Going back to Anahata's post of 22 Jan, yes there were lots of different types of pipes in the country - a visit to the Bagpipe Museum in Morpeth is a real eye (and ear!) opener. Even mentions a set of Lincolnshire bagpipes - someone local has made a set in the last couple of years - they played them on the local radio and a mate of mine who works there had a go - luckily I was in Scotland at the time and missed it! (Yes, Strollin', that was Dylan!).


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Subject: RE: Scottish Small Pipes
From: 8_Pints
Date: 23 Feb 07 - 08:38 PM

Just ordered a set in A from Ian Kinnear (delivery due in June).

Can't wait!!!

Bob vG


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Subject: RE: Scottish Small Pipes
From: Jack Campin
Date: 24 Feb 07 - 02:36 AM

The OP needs to be aware that switching from whistle/flute/recorder/clarinet to the SSP or Border pipes involves a rather mindblowing change in fingering. The fingering system Matt Seattle uses is the one commonest in the early 18th century; it's like the Northumbrian pipes in that most of the time you only have one hole at a time open (apart from the low G hole). The point of it is that the transitions between notes are covered by an implicit low A gracenote. This is completely unlike anything that happens in normal folk flute playing, and also unlike what happens on the Highland pipes (where the basic gracenotes are high G and D).

I've got a set of Border-type pipes on order and meanwhile have been trying to learn this fingering system (e.g. for tunes in the William Dixon MS) on an electronic chanter. The change in mindset is far more extreme than going from tin whistle to Boehm clarinet or flute.

Some players cheat and use "open" or Highland pipe fingering, but the result is that they just sound like a flute player or Highland piper picking up the smallpipes - not very idiomatic in the music that was originally intended for them.


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Subject: RE: Scottish Small Pipes
From: GUEST,Shehzad Afzal Deura
Date: 28 Dec 12 - 02:44 AM

We would like to introduce you Shehzad Deura & Co. This is a family owned business and we are serving our valued customers since 1910. We are manufacturers and exporters of high quality pipe band uniform and accessories. We have high quality professional designer who can make all your custom needs and requirments.We request you to please if you have any enquiry, so once let us have a chance and check our best quality and our most competitive prices. We also request you to please visit our website and see our produced items.Your cooperation in this regard will be much appreciated.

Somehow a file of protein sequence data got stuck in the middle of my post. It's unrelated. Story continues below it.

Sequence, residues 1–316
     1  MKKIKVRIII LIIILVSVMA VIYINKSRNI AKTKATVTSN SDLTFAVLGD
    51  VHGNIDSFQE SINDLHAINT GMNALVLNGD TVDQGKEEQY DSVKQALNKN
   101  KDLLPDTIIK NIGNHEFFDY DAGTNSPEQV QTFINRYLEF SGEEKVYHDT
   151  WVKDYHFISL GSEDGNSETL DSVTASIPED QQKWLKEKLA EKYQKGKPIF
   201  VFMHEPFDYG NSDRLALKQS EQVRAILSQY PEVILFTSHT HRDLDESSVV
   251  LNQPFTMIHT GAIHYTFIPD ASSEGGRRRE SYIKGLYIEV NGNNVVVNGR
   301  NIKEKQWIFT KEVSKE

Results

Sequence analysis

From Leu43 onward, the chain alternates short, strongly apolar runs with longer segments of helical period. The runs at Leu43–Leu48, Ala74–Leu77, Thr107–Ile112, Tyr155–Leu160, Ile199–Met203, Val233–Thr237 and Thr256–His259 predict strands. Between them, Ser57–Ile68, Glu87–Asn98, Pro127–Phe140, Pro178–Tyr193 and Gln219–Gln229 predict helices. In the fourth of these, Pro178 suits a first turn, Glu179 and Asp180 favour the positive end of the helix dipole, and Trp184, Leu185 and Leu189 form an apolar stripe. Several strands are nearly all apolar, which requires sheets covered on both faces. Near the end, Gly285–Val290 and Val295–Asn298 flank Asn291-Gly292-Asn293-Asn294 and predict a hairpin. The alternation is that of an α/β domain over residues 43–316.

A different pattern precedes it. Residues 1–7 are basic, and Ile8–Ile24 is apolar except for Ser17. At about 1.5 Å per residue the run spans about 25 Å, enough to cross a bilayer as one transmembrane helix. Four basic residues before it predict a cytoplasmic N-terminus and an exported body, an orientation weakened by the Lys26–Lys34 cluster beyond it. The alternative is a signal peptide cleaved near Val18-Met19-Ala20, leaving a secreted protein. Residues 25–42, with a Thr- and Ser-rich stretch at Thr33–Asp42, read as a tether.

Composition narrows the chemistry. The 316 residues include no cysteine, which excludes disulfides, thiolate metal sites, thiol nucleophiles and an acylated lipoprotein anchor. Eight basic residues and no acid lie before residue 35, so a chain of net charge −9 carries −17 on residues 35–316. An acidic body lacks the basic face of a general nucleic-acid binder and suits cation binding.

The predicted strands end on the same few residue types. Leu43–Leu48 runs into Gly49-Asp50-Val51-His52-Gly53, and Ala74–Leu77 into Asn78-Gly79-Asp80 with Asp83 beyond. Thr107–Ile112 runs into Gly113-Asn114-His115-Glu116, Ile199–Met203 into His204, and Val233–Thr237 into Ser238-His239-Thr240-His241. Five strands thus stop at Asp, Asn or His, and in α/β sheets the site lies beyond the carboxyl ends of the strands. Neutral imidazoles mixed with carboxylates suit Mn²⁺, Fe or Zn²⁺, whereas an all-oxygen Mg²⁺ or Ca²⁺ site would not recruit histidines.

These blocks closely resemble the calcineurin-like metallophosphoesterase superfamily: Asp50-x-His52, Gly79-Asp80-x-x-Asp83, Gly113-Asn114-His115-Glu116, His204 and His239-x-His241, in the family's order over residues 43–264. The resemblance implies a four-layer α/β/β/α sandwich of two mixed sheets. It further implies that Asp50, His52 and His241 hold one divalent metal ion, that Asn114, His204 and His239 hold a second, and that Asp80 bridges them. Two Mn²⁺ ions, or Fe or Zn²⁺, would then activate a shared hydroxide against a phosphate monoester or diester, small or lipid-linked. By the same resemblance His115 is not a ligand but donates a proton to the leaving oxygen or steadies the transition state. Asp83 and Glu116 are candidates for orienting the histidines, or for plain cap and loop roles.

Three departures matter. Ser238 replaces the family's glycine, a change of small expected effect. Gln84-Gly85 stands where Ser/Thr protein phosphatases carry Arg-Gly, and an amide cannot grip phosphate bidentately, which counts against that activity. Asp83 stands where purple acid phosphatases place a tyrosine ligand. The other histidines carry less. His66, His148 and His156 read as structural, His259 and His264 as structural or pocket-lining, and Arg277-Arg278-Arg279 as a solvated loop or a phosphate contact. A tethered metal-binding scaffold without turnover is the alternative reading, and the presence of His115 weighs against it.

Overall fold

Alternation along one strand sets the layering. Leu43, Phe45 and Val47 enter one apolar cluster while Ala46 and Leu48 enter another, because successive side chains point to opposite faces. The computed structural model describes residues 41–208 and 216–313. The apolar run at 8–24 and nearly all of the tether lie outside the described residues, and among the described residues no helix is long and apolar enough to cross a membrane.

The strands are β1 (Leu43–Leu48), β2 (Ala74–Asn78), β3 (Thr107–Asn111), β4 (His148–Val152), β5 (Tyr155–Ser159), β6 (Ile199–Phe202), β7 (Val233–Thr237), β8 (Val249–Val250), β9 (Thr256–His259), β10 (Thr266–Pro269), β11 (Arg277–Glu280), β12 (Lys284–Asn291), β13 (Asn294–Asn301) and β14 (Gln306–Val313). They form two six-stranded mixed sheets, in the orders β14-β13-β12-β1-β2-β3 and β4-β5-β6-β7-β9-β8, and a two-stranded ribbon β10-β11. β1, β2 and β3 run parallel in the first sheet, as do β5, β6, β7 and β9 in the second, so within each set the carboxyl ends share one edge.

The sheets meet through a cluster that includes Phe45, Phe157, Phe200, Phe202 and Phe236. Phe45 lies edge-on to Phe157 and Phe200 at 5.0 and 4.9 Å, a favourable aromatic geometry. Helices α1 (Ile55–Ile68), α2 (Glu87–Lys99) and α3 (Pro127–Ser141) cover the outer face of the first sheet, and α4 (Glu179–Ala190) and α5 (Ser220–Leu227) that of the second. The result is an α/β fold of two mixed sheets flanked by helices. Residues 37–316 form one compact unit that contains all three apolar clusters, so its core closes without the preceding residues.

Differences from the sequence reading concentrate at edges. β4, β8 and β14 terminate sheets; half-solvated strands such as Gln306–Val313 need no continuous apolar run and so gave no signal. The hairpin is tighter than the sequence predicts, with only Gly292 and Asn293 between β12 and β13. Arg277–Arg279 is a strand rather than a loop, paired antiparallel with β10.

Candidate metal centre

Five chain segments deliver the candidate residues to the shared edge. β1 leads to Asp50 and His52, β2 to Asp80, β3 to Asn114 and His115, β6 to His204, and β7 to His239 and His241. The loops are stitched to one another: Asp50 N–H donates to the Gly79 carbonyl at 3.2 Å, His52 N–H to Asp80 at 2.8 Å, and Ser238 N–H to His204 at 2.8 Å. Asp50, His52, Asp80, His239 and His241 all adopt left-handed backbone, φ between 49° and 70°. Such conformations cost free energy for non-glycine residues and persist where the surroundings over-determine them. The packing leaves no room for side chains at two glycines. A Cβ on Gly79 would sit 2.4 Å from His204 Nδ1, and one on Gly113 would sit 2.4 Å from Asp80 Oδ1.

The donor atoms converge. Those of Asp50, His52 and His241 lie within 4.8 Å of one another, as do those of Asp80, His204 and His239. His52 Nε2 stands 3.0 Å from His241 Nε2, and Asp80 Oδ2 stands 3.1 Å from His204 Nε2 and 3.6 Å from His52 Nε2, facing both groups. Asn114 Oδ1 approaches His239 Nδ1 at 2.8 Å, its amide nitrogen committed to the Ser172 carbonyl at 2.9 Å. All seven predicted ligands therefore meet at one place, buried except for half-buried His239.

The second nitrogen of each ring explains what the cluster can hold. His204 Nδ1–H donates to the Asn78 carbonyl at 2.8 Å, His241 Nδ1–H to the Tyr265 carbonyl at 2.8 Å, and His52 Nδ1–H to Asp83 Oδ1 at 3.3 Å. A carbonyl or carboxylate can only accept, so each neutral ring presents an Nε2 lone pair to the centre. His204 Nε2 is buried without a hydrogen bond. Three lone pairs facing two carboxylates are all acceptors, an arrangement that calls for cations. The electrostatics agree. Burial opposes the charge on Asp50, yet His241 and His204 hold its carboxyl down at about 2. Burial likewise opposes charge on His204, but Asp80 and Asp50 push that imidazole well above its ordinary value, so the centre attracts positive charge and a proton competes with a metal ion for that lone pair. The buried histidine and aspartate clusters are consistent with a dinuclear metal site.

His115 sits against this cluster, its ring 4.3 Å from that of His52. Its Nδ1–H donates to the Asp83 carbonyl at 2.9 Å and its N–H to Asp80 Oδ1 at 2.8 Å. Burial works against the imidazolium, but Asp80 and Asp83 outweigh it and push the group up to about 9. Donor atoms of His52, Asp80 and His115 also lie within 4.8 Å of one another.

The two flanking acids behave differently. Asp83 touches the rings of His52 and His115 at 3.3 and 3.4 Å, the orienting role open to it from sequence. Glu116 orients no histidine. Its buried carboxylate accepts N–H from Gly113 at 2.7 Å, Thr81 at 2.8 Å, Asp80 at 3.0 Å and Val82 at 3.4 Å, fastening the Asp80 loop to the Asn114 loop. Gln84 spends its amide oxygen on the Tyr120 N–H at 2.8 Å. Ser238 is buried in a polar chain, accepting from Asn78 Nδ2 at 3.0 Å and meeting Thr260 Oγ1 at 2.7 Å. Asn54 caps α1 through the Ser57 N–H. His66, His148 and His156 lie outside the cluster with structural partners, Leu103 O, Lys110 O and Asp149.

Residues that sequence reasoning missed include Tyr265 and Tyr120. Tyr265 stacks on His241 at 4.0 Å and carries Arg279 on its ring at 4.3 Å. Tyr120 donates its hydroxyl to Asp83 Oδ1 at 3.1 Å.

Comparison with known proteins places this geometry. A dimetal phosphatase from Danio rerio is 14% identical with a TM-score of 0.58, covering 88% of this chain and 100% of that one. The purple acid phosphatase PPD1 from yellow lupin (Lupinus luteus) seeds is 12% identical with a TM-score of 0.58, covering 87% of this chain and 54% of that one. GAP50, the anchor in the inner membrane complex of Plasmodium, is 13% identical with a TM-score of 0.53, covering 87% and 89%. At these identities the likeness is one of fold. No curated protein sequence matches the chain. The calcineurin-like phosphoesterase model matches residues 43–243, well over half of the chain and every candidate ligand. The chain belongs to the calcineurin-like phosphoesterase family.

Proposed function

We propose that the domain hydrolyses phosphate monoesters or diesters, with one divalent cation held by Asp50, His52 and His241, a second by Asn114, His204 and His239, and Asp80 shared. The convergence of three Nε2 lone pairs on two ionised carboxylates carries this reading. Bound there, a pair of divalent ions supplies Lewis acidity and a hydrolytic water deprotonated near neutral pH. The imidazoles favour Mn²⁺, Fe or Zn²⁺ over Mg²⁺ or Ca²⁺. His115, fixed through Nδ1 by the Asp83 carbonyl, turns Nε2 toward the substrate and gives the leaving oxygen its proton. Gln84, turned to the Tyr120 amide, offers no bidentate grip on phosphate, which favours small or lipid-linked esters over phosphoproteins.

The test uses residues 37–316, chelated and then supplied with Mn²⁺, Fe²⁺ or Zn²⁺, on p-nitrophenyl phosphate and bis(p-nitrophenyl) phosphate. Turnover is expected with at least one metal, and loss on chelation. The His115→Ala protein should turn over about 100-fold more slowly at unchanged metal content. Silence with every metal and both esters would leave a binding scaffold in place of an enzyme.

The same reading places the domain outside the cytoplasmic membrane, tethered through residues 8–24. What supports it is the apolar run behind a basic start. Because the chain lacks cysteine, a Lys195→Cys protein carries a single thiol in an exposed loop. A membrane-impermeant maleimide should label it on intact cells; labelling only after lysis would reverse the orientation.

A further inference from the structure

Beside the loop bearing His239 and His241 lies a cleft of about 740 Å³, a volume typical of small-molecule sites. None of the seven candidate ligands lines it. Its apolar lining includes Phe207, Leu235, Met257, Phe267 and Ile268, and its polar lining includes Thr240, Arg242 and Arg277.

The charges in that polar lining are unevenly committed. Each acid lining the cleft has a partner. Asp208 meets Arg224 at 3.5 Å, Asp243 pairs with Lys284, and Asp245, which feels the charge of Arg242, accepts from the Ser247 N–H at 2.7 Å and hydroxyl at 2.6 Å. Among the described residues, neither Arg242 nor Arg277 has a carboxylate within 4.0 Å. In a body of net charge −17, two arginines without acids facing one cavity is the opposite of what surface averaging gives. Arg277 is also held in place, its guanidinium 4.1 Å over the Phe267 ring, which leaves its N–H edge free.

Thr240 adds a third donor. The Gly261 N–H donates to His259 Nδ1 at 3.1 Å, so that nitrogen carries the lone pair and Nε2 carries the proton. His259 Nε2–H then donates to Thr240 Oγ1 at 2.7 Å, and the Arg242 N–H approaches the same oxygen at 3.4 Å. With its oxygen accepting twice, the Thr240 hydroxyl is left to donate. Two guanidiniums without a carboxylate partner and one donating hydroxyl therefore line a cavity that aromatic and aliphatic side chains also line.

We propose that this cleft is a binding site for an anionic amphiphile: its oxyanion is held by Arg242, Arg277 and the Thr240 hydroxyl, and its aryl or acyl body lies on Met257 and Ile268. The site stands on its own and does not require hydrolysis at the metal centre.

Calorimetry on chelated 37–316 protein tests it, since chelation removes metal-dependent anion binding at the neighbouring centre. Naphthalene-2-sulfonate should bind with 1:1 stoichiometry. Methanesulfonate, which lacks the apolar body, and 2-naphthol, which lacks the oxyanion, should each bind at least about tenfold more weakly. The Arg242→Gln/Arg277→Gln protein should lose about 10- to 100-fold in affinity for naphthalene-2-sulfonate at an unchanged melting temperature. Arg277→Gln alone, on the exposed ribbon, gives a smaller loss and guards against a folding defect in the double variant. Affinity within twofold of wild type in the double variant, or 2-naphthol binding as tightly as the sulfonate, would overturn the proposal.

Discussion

We specialize in products like.... Scottish or Highland Bagpipes, Irish War and Brian Boru Bagpipes, Miniature, Chamber or Parlour Bagpipes, Goose Sets, Minipipes or Toy Bagpipes, Bagpipes Cases, Pipe and Practice Chanters, Reeds and Drones, Drums, Drum Heads, Pipebags, Covers and Cords, Scottish and Irish Dirks, Sgian Dubhs, Banners, Arm Badges, Cap Badges, Family Crest, Flags, Shoulder Boards, Dress Cords, Bugle Cords, Swords Knots, Waist and Cross Belts, Glengarries and Balmorals,Hose Tops, Kitchener Pith Helmets, Feather Hackles, Spats, Sporrans, Tartan Kilts, Tartan Plaids, Fly Plaids, Kilt Pins, Doublets, Tunics or Jackets, Drum Major Maces, Sashes, Guantlets,Ghillie Brogues etc etc.
Our prices are most competitive and reasonable. All orders will be supplied strictly in according to instructions and delivery time requirements. If you have any question, please dont hesitate to contact us by fax or email as soon as possible.
Thank you for your kind attention.

Regards
Shehzad Afzal Deura

Shehzad Deura & Co
8 Commissioner Road
Sialkot 51310, Pakistan
Phone # 0092-52-4580743
Fax # 0092-52-4596486
Emails info@shehzaddeura.com
          shehzaddeura2004@yahoo.com
          shehzaddeura@hotmail.com
Website www.shehzaddeura.com


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Subject: RE: Scottish Small Pipes
From: John MacKenzie
Date: 28 Dec 12 - 06:08 AM

Here's the site Interesting stuff.


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Subject: RE: Scottish Small Pipes
From: Jack Campin
Date: 28 Dec 12 - 09:31 AM

Ask about Pakistani pipes on the Bob Dunsire bagpipe forum.

But stand well back and wear appropriate protective clothing.


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Subject: RE: Scottish Small Pipes
From: GUEST
Date: 28 Dec 12 - 10:20 AM

Are they suitable for airs though?

http://mudcat.org/thread.cfm?threadid=148750&messages=25


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Subject: RE: Scottish Small Pipes
From: catspaw49
Date: 28 Dec 12 - 10:44 AM

I'm all in favor of Small Pipes......and frankly, the smaller the better. Matter of fact if pipes were all small enough to fit in the palm of your hand you could flush 'em all down the crapper and we could be rid of their annoyance!


Spaw


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Subject: RE: Scottish Small Pipes
From: GUEST
Date: 30 Dec 12 - 12:00 PM

You are a bright person Spaw aren't you. I see you use a similar line of logic in a lot of your posts.
Ged